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Startseite / Alte Master / L / Bernardino Luini / Biografie

Bernardino Luini Biografie


c.1480/82-1532

Italian High Renaissance Painter

Bernardino Luini (c. 1480/82 - 1532) was a North Italian painter from Leonardo's circle. Both Luini and Giovanni Antonio Boltraffio were said to have worked with Leonardo directly; he was described to have taken "as much from Leonardo as his native roots enabled him to comprehend". Consequently many of his works were attributed to Leonardo. He was known especially for his graceful female figures with slightly squinted eyes, called Luinesque by Vladimir Nabokov.

Luini was born as Bernardino de Scapis in Runo, a frazione of Dumenza, near Lake Maggiore. Details of his life are scant.

In 1500 he moved to Milan with his father. According to Lomazzo, he trained under Giovan Stefano Scotto, although for others he was a pupil of Ambrogio Bergognone. In 1504-1507 he was probably in Treviso, as attested by a Madonna with Child signed Bernardinus Mediolanensis faciebat which is however of disputed attribution. Also from this period would be one Madonna with Child in the Christian Museum at Esztergom and Lamentation of Christ in the Fine Arts Museum of Budapest (c. 1506). His first fresco works are an Adoration of the Magi in San Pietro of Luino (c. 1505) and the attributed fresco in the presbytery of Monza Cathedral with St. Gerard of the Painters.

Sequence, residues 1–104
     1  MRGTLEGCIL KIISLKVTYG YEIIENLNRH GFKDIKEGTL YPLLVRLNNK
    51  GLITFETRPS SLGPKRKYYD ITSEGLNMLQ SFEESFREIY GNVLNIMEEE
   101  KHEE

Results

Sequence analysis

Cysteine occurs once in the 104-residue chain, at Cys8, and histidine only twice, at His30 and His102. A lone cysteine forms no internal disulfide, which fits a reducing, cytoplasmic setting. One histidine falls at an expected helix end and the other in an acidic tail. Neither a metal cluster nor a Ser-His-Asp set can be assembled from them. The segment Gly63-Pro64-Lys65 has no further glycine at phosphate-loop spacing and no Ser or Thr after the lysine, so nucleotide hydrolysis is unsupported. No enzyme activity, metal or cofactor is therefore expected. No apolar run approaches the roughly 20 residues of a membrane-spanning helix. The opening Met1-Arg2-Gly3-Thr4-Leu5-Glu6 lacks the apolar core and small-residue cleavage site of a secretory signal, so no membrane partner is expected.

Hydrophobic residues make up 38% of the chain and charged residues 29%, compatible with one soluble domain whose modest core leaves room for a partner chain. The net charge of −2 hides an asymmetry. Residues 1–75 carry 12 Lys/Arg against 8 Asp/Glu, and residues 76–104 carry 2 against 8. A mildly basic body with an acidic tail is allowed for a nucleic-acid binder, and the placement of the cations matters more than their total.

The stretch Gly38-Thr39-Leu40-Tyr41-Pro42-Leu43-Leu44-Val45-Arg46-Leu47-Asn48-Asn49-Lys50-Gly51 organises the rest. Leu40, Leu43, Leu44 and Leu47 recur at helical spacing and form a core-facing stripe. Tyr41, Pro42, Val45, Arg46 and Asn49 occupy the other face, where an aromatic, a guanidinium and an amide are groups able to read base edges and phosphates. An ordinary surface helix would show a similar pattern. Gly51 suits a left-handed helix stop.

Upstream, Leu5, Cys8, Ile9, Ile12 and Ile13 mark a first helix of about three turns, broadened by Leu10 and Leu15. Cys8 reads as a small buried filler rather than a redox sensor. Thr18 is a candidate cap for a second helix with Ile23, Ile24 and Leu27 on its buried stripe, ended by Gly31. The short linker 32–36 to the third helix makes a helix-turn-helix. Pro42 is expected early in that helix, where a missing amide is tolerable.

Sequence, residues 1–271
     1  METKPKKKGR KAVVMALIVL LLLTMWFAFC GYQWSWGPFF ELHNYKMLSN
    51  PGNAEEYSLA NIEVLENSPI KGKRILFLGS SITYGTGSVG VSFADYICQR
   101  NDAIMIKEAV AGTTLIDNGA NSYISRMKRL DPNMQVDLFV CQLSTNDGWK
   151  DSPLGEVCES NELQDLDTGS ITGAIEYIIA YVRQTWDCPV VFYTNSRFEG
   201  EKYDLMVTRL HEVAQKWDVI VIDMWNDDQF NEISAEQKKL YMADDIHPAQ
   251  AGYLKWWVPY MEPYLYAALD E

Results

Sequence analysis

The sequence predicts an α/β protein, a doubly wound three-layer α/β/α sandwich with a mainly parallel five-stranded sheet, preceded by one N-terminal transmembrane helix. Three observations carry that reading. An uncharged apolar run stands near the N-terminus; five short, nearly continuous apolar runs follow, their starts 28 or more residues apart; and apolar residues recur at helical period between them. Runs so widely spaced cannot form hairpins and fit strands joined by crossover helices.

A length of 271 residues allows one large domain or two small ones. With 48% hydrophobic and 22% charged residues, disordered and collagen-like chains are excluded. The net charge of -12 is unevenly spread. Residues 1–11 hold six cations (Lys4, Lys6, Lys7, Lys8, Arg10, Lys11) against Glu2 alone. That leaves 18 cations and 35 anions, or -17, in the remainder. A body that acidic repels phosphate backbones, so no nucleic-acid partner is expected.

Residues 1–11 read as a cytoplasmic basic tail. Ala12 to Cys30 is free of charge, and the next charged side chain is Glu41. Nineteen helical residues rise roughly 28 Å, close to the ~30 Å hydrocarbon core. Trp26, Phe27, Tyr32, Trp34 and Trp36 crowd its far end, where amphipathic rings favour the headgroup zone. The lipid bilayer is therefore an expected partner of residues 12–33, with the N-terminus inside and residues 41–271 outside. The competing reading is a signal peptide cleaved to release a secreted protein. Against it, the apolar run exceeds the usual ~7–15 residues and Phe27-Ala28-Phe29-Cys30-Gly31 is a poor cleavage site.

Luini returned in Milan in 1509, receiving a commission for a polyptych from which today remains a St. Anthony of Padua in the Museo Poldi Pezzoli, influenced by Bernardino Zenale's Cantu Polyptych. In the 1510s he painted frescoes in the Oratory of Santa Maria Nuova in Pilastrello, a Lamentation of the dead Christ in Santa Maria della Passione, a Madonna with Child in the Abbey of Chiaravalle, frescoes in San Giorgio di Palazzo (1516) and in the Certosa di Pavia, and others.

From 1509-1514 his one of Luini's best known works, the frescoes for Villa Pelucca in Sesto San Giovanni (now in the Pinacoteca di Brera, Milan), commissioned by Girolamo Rabia, for whom he also painted mythological scenes in the Palazzo Rabia (now in the Berlin Gemaldegalerie and the National Gallery of Art, Washington).

In 1521 he travelled to Rome, where he was influenced by Raphael's style. This is evident in Luini's further frescoes in the Villa La Pelucca executed in 1520-1523, as well as in other works now at Brera. From 1523 is a beautiful polyptych in the Basilica of San Magno at Legnano.

In circa 1525, he completed a series of frescoes on the life of the Virgin and Christ for the sanctuary of Santa Maria dei Miracoli in Saronno; to the same year is attributed the fresco in the counterfacade of Sant'Abbondio in Como. Other works from his middle period include a Holy Family in the Museo del Prado, two Salome in the Museum of Fine Arts in Boston and the Uffizi and a Portrait of Lady in the National Gallery of Art. From 1526 is a Virgin with Child and Saints in the Lee Fareham collection of Richmond.

In 1529 Luini completed one of his masterworks, the grand Passion and Crucifixion fresco at Santa Maria degli Angeli in Lugano, paired by other works in the same church. In 1531 he returned to the Saronno sanctuary to add other frescoes. In his later career Luini was increasingly influenced by Leonardo, as showed by the St. Anne of the Pinacoteca Ambrosiana and the St. Catherine of the Hermitage.

He died in Milan. His son Aurelio was also an accomplished painter.